The Full Court confirmed that the sale of a patented product gives a third party user an implied licence to have “all the normal rights of an owner”, which includes using or selling. However, the third party user cannot rely on this implied licence to make an infringing product.

Jagot J’s position (supported by Greenwood J) was that, because Seiko sold a single-use cartridge, the implied licence could not cover multiple uses. Ninestar’s actions made the cartridge act beyond how Seiko intended, and therefore was not covered by the implied licence:

The product which Seiko sold, in the form in which it was sold, was capable of use until the memory chip showed that the ink in the container was exhausted. By re-programming the memory chip, Ninestar enabled an embodiment of the invention, which could no longer be used, to be used. It was not repairing the cartridge. The cartridge was not damaged or worn in any way. It had simply reached the end of its intended life as a printer cartridge. Ninestar, by re-programming the memory, putting a new hole in the cartridge to enable it to be re-filled with ink, re-filling the cartridge with ink, and sealing the new and the existing hole created by the original use, manufactured a new embodiment of the invention, an act which could never have been authorised by the implied licence and could never be the subject of an exhaustion of patent rights by reason of sale. Calidad, in importing those cartridges, necessarily exploited the invention and thus infringed the patents.

[177] per Jagot J.

Yates J had a slightly different reasoning. The modifications were such that Ninestar’s refurbished products could not be said to be of Seiko’s making:

The correct approach was to ask whether, in each particular category, the modifications which Ninestar made to the original Epson cartridges altered them in such a way that they were, in substance, different articles to those which Seiko had put into the market and thus into the hands of the original owners. If so, they were not the articles in respect of which Seiko, as patentee, had given the implied licence and Calidad could not rely on that licence in respect of what were, in substance, different articles.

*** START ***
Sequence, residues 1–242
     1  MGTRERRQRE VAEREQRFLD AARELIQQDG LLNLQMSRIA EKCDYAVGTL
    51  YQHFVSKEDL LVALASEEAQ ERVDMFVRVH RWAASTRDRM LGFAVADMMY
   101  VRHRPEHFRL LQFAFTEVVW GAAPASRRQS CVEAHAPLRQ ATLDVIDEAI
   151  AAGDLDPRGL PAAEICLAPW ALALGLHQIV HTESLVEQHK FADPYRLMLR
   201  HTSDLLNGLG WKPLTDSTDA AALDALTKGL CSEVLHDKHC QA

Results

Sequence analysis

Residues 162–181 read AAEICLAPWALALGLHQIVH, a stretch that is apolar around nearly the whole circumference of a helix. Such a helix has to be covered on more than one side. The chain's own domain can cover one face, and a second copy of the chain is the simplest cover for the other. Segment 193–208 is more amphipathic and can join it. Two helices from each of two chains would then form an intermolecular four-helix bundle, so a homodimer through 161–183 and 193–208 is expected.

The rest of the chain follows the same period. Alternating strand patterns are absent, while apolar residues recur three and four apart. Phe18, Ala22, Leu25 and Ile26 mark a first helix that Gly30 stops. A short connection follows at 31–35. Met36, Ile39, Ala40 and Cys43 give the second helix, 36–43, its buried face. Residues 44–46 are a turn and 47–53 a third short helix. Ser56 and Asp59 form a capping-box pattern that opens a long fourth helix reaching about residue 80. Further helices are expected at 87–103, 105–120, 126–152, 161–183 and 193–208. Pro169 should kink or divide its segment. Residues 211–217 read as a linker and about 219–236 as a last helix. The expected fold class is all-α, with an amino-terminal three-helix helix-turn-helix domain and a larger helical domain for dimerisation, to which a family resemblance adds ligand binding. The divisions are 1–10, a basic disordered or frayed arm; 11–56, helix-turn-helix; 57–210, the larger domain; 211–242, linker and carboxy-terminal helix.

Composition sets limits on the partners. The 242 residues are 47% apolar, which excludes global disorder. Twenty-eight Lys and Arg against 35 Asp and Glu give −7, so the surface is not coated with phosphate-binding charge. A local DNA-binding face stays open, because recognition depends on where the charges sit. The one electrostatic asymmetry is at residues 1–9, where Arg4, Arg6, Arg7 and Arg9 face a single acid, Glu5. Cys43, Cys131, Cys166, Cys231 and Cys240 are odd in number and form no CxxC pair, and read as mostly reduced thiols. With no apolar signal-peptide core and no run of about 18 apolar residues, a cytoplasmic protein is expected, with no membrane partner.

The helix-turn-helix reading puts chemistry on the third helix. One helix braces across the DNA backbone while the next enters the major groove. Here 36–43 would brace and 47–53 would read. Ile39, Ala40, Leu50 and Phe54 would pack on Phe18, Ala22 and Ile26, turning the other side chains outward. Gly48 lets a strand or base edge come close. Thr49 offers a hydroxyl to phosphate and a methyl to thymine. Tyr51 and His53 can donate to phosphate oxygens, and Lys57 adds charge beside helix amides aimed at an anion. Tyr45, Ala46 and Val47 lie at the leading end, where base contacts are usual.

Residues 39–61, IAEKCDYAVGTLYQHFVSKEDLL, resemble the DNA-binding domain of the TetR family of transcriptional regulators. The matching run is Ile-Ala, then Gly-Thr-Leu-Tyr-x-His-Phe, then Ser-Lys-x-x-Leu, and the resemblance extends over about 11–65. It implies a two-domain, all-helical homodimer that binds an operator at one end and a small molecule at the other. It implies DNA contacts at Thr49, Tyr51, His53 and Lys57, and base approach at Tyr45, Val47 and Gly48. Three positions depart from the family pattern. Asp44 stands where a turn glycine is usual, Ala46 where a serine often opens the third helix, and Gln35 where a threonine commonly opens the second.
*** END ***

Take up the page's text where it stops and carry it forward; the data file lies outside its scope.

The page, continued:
[293] per Yates J.

Under either reasoning, Ninestar’s action went beyond the implied licence that comes attached to the sale of patented products. Calidad’s importation of these refurbished products therefore was an infringement of Seiko’s patents.

This is a more restricted implied licence than that of the primary judge’s approach. The primary judge looked at whether Ninestar’s modifications amount of material changes to the features that embodied the claimed invention, and found that merely refilling the ink and updating the existing memory was not a material change.

The Future

Any modification of a patented product which does not strictly replace damaged parts or which was not envisioned by the original seller may be an infringement of an Australian patent.

This could have a significant effect on third party repairers or modifiers, who will now need to consider whether their actions could be patent infringement.

Calidad may try to appeal this to the High Court, which would be free to depart from the earlier decisions (including the 1911 Menck decision) which the Federal Court and Full Court felt bound by. If the High Court decides to hear the appeal, the doctrine of implied licence in Australia may yet be refurnished.

New Zealand’s New Grace Period

On 30 December 2018, New Zealand will implement a grace period for disclosures by an inventor or applicant made in the year before a patent application is filed.

This follows from New Zealand ratifying the Comprehensive and Progressive Agreement for Trans-Pacific Partnership (CPTPP) on 25 October 2018, and the CPTPP being scheduled to enter into force on the same day.

This article discusses how the new New Zealand grace period will work.

Current situation

Currently, any public disclosure of an invention could prevent an applicant obtaining a New Zealand patent for that invention. There are only very limited situations in which disclosure can be disregarded (such as being in breach of confidence). This change will align New Zealand with countries like Australia, the United States, and Japan.

Many jurisdictions (notably Europe and China) still have limited, or no, grace periods for disclosures. A disclosure before filing a patent application can therefore still be damaging, and should be avoided if possible.

The new law

From 30 December 2018, the Patents Act 2016 will have a new grace period provision in section 9(1)(f). This will provide:

(1) For the purposes of section 8, the disclosure of matter constituting an invention must be disregarded if 1 or more of the following applies: